Better yet, are your students engaged?
One of the areas of focus and exploration in our Professional Learning Communities is student engagement. Specifically, we are asking, “How do we KNOW they are engaged?”
In a webinar I recently came across some useful resources for students, which relates the use of online communities and asking questions to our use of technology. From Catlin Tucker’s blog http://catlintucker.com/
we can see ten tips to engage our students:
1. Acknowledge their status as technology natives. Use technology whenever possible because this is how they are engaging most frequently with their peers and the world around them.
2. Stimulate the senses with visual media. Show images, video clips, political cartoons, art work, graphic novels, etc.
3. Bite size lectures. If you are going to lecture, break it up into bite size portions. Stop talking at regular intervals and let students do something creative with the information presented.
4. Bring the drama into your classroom. Re-enactments are more exciting than reading about an event!
5. Who doesn’t love arts and crafts? Use creative online tools, like Glogster, Wix or Blabberize to engage kids in creative activities online. If you don’t have computers in your classroom, break out the crayons, markers, construction paper, paint, scissors, glue, magazines and let kids CREATE.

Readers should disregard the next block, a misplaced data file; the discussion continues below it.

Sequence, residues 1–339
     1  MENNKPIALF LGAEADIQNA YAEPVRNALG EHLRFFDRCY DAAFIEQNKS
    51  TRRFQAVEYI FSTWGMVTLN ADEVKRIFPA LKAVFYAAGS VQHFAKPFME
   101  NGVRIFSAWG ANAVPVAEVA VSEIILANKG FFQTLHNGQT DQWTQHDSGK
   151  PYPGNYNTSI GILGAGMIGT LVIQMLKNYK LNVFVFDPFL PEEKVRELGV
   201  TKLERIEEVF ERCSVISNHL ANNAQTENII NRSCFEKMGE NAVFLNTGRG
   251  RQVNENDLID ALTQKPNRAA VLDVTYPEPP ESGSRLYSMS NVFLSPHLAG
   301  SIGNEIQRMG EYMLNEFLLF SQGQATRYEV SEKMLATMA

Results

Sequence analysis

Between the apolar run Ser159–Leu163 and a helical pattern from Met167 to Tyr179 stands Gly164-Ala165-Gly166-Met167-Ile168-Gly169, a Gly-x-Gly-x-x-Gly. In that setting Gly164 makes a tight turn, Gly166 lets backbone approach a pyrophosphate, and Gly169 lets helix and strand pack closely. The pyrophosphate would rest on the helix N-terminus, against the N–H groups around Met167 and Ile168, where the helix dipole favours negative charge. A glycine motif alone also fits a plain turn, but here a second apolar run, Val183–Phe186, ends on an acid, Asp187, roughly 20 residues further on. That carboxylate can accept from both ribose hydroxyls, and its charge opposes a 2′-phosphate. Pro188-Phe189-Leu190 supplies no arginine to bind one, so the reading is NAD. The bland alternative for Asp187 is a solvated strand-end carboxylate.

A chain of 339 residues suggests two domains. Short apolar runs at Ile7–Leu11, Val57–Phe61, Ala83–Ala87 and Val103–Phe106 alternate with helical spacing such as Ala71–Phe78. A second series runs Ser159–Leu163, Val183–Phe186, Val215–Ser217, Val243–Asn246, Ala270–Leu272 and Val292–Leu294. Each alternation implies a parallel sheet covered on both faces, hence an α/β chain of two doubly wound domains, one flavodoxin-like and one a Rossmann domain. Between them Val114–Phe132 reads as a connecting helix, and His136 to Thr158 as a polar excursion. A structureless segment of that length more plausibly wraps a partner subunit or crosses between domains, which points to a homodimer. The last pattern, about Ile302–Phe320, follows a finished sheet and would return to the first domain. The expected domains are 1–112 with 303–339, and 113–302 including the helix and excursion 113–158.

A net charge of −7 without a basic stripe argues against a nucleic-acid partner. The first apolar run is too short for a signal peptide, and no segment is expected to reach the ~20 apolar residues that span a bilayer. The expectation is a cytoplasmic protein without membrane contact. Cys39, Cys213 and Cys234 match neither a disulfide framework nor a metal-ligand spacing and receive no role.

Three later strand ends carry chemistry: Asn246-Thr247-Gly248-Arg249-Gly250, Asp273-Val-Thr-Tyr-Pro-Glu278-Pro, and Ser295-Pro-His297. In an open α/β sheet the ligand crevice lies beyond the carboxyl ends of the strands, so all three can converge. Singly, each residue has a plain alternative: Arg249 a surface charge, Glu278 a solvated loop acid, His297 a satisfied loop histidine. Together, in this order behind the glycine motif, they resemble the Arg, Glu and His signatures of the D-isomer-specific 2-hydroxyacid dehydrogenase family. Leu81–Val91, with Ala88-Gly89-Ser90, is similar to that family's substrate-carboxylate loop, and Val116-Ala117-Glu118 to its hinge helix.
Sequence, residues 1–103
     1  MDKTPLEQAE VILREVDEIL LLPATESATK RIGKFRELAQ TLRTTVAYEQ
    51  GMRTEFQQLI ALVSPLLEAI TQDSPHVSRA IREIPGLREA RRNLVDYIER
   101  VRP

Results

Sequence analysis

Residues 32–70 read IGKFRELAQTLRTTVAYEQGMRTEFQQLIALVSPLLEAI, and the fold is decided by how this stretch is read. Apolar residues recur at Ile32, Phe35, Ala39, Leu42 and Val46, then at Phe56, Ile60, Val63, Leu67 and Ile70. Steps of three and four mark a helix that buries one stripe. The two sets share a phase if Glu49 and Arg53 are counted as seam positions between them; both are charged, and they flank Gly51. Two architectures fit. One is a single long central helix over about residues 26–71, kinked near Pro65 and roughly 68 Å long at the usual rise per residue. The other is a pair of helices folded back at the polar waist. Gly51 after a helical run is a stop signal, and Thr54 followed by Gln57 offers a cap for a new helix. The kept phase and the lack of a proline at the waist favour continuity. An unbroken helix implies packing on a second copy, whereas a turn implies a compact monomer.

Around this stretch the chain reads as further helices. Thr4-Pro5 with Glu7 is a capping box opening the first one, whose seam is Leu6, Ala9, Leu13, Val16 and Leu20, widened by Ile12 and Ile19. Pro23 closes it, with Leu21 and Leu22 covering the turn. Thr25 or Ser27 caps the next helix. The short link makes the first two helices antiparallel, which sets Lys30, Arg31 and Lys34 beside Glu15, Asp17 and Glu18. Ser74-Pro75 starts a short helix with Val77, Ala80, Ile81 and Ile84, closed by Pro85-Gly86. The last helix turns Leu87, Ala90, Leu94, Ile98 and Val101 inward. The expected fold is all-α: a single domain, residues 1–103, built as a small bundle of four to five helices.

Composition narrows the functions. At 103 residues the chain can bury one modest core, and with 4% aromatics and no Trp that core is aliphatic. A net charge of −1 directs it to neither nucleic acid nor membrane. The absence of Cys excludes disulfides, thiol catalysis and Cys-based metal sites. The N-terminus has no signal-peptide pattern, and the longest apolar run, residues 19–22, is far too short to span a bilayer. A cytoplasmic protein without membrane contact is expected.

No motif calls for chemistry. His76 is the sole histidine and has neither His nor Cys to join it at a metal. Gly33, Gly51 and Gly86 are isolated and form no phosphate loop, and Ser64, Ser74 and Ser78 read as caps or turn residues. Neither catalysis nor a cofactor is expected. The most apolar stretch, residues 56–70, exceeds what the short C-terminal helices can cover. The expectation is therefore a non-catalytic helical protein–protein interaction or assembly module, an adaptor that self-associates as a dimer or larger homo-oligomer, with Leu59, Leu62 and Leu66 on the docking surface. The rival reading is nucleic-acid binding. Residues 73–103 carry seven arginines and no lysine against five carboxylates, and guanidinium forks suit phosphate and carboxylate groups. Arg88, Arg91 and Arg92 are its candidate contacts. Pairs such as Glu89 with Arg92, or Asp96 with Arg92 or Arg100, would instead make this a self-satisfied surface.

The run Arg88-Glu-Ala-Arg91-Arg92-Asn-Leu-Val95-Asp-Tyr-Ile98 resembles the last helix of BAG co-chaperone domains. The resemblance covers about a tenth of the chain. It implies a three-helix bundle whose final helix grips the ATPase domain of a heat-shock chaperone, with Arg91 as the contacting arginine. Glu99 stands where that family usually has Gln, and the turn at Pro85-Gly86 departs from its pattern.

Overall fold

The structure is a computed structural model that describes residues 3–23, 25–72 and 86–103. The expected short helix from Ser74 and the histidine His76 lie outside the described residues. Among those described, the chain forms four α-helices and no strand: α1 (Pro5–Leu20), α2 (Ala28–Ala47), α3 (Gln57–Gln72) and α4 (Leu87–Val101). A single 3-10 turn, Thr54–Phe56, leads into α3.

6. Tap into your students competitive nature and bring games or gaming into your curriculum.
7. Kids love to talk, so let them. Make time for debates, discussions, student presentations, etc.
8. Raw footage. Ask students to make a documentary or design an iMovie about a topic related to your subject area.
9. Let kids figure it out. Design real life problems to be solved.
10. QR Codes, Cell phones, Wireless Device, Oh my. Let students use their phones or wireless devices to do something educational, like scanning QR codes to go on a virtual field trip without leaving the classroom.
I know as educators we can relate to disengagement. I’m reminded of my 3-hour lectures in “History Since 1534” with Mr. Monotone, and greatly wishing it would just Go Away. Today, we can integrate authentic discussions, use multimedia, and make real-world connections to the content. (I’m pretty sure I would not have fallen asleep had this been a practice of Mr.M!)
So the challenge of the day is-
take one step toward focused engagement.
Then- take a step BACK, and notice the difference.
It begins with one step!